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Destination: Trash Can

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The trash can is where 99% of resumes go to die.

The reasons have nothing to do with the qualifications of the applicant and everything to do with how the resume was written. You can blame the idiot gatekeeper that didn't really read the resume, but that idiot gatekeeper is a reality. We teach you how to deal with it.

Most resumes have serious defects that guarantee failure. Highly qualified candidates often write inadequate resumes because they do not understand the resume writing techniques required to get even the most qualified candidate hired.

The most successful job seekers are not necessarily the best qualified. Usually, they are the best prepared. Consider these issues if you want to be among the best prepared.

Does your resume catch attention?

Your resume must get you past an employer's gatekeepers such as recruiters and HR managers, and into a telephone screen or interview with the hiring manager. If your resume cannot pass the inspection of these gatekeepers, you will have difficulty getting interviews.

Can your resume survive a 15-Second scan?

Most resume readers scan and discard each resume in 10 to 20 seconds unless there is a compelling reason to flag it for an in-depth review. Gatekeepers are paid to read resumes but rarely enjoy it. In order to process countless resumes, busy gatekeepers want excuses to reject most resumes quickly.

Is your resume computer search friendly?

Most recruiters, agencies and HR departments for medium to large companies and any employer that uses an Internet resume bank searches with keywords. Anything that's not otherwise mentioned in the resume should be listed in the skills section. For example, don't just list "Microsoft Office", include "Word, Excel, MS Access, PowerPoint and Outlook. Mention every obscure skill and certification that you have.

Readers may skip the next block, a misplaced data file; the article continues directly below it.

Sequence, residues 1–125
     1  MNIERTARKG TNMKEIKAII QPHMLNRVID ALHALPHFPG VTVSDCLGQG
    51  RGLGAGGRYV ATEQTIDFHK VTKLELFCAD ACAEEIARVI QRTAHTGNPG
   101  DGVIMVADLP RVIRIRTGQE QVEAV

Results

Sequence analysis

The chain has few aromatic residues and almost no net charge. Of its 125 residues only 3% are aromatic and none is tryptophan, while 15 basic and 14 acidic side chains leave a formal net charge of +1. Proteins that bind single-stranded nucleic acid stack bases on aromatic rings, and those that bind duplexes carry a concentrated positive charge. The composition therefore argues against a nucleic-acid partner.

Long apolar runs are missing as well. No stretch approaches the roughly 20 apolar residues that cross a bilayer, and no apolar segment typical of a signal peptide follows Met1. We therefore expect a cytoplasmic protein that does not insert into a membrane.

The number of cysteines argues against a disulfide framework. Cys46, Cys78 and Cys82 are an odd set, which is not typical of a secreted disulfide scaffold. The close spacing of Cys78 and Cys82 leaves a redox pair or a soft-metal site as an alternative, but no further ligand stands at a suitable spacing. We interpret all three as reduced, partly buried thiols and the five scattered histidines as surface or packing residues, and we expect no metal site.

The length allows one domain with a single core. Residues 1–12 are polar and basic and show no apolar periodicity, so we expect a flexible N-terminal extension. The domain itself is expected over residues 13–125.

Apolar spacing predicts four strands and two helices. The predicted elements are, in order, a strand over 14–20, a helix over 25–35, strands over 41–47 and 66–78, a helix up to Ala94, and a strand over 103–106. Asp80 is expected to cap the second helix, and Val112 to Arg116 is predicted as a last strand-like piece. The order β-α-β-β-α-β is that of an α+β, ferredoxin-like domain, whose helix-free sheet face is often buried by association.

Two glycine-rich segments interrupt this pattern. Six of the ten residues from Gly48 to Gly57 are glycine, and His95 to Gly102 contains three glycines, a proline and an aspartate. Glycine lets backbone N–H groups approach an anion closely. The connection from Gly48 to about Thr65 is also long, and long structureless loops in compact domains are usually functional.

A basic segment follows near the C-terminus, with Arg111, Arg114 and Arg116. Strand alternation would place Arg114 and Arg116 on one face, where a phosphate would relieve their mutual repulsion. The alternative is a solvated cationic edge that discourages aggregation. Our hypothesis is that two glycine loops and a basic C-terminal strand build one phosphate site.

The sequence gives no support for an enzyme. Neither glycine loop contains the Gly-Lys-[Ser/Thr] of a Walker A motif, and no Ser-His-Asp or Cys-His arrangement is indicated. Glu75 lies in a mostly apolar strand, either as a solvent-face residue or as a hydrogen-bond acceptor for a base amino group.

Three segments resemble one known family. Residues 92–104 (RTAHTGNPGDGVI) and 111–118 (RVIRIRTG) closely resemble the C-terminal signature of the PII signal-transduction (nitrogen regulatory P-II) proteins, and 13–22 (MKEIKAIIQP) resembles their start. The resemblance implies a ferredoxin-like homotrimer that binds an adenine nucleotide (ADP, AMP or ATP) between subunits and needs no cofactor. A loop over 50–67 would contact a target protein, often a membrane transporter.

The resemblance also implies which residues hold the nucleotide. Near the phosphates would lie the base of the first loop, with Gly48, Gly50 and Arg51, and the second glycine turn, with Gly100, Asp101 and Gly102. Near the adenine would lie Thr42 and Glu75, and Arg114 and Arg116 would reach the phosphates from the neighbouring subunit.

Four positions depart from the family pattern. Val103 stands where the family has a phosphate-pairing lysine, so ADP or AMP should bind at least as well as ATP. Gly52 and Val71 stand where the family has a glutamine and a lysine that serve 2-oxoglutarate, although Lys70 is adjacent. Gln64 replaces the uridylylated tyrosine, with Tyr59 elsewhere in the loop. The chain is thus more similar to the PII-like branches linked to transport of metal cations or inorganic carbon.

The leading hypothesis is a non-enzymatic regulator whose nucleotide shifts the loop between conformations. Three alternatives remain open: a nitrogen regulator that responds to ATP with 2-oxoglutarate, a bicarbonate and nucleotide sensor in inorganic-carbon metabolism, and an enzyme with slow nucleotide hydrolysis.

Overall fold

Can your resume get past suspicious gatekeepers?

If they have any concerns about a resume, they do not contact the applicant for an explanation; they just reject the resume and go on to the next one. Employers receive resumes from candidates who are clearly qualified so they reject candidates who may just possibly be qualified.

Are you an exceptional candidate with a mediocre resume?

Sorry, no interview. In resume writing, mediocrity = failure. Many discarded resumes belong to qualified candidates who are not aware of the career damage from inadequate resumes that do not sell their experience, skills, and qualifications. Resume screening is callous and impersonal so even the best job search cannot overcome a weak resume.

Does your resume balance competing requirements?

Your resume must first survive a fifteen second scan, and then it must survive an examination by a gatekeeper wanting a reason to discard it. To survive the scan, it must stand out and present a good snapshot of your skills. Then, if it survives the scan, the resume should provide enough rich and compelling detail to sell you. Surviving the scan while providing enough details are competing requirements that are difficult to balance.

Excellence is not optional.

If only 50 people apply for an attractive opportunity, your resume must tell the gatekeeper that you are better qualified than at least 40 of the other applicants. If your resume cannot beat 80% 90% of the competition, you will not get interviews. Your actual qualifications do not count as much as your resume until you get to the interview, and maybe not even then.

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